MemberTrends uses your member data to develop a step-by-step plan to increasing both retention and new-member acquisitions.
Your data holds the keys to your membership-campaign strategies. GRC MemberTrends analyzes your data and reveals immediately actionable strategies that you can use to drive renewals, new-member campaigns, and other efforts aimed at strengthening your organization. And you won’t have to break your budget in the process. Using GRC MemberTrends, you will learn:
Each GRC MemberTrends report is delivered with both in-depth analysis and easy-to-digest charts and graphics that summarize the major takeaways. They also include recommended action plans based on the specific results generated from your data. This sample report gives you an idea of what to expect, but remember–each GRC Member Trends report is customized based on results generated from your data.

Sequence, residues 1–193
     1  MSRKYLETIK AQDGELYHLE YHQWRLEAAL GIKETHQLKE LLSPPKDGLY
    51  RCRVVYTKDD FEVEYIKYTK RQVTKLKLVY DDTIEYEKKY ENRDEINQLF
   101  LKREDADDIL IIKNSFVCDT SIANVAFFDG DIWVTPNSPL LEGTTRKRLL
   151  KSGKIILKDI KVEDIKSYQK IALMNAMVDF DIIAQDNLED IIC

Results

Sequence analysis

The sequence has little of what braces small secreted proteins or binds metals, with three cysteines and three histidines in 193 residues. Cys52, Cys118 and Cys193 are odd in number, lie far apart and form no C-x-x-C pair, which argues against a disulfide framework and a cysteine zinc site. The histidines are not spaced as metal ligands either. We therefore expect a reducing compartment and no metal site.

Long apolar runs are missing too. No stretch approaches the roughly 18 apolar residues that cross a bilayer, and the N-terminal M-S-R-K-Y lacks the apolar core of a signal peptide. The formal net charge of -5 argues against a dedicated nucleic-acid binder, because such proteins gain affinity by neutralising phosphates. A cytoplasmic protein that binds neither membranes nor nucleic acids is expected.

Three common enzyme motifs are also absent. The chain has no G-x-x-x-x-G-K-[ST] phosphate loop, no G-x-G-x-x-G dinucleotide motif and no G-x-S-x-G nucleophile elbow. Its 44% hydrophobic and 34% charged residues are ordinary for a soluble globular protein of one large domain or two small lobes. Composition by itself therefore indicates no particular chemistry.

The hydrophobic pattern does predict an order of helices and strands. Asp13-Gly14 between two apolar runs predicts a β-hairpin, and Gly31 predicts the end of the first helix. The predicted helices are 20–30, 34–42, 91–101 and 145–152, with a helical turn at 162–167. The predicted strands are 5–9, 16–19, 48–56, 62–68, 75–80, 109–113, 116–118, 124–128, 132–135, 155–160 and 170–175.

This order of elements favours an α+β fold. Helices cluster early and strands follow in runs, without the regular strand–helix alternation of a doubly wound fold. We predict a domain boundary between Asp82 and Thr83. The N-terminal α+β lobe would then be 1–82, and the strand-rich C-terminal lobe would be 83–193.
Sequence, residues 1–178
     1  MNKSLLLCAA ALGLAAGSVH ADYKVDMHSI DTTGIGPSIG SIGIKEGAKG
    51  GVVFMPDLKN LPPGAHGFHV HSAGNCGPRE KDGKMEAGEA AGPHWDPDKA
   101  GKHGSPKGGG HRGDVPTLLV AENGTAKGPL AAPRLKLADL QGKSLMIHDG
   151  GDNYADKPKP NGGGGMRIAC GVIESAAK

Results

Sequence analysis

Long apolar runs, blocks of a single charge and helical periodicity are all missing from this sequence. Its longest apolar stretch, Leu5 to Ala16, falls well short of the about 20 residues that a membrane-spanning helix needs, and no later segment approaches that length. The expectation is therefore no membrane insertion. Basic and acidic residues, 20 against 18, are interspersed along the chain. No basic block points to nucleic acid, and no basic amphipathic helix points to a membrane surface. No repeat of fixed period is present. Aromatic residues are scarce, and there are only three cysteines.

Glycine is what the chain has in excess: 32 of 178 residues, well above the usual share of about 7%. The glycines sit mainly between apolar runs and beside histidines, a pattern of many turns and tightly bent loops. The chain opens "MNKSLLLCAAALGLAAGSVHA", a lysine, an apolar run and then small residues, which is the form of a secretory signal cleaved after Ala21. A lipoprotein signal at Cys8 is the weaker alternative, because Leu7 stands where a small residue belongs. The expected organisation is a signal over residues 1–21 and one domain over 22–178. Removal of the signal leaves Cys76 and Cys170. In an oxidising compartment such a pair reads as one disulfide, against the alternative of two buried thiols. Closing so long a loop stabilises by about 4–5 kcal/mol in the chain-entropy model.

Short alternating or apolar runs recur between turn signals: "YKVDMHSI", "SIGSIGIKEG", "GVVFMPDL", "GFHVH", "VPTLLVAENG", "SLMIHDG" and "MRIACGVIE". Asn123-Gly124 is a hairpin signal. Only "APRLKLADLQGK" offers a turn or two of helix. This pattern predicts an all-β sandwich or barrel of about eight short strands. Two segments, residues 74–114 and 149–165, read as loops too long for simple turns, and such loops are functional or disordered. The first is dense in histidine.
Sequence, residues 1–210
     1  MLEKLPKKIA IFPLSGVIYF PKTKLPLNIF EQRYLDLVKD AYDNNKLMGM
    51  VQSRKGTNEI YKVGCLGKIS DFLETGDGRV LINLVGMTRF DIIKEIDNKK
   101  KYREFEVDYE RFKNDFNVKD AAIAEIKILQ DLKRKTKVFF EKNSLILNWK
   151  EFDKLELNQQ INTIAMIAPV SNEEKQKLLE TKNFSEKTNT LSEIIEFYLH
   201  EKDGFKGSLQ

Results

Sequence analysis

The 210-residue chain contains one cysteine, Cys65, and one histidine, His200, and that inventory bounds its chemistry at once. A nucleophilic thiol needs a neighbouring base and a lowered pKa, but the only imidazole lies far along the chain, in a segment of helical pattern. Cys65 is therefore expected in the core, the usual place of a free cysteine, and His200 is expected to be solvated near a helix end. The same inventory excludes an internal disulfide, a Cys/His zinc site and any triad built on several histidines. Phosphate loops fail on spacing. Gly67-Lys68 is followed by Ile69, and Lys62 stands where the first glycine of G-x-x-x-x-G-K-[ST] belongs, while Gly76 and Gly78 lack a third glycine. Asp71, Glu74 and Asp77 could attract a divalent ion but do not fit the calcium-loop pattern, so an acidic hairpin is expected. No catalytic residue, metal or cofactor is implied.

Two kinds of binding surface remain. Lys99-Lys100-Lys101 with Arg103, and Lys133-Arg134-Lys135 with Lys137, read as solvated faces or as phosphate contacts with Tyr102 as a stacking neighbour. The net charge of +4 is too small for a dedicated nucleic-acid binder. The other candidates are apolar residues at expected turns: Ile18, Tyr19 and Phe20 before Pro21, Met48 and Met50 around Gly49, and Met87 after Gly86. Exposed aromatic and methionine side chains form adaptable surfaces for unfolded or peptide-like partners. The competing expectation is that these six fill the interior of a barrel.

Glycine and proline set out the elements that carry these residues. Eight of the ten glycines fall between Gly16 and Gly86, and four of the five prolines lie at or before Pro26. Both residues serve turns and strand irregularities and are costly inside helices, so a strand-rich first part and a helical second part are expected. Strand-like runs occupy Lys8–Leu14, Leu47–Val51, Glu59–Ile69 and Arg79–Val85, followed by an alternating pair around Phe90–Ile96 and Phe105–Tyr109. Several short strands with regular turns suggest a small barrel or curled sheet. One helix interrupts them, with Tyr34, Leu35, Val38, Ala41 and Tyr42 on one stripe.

Ready to gain new, actionable insight from your data? Contact us today
It’s not all bad news. Overall, 2018 revenue increased by 1.6%. But realistically, a trend that shows fewer and fewer donors giving slightly more revenue is unsustainable and spells real trouble for the sector.
Where we left off
At the end of 2017 the sector saw an unprecedented fourth quarter that yielded 10% more revenue and 5% more donors as compared to 2016. Then in the First Quarter report we began to think the sky was falling. We started the year down ( -6.6% )in the number of donors and down (-2.1%) in revenue through the second quarter of 2017. Then, after a tremendous 2017 Third Quarter that saw the sector ahead on revenue—up +2.6% for the first three quarters. We even made some gains in the numbers of donors bringing the decline up to -4.3% year- over- year compared to 2016.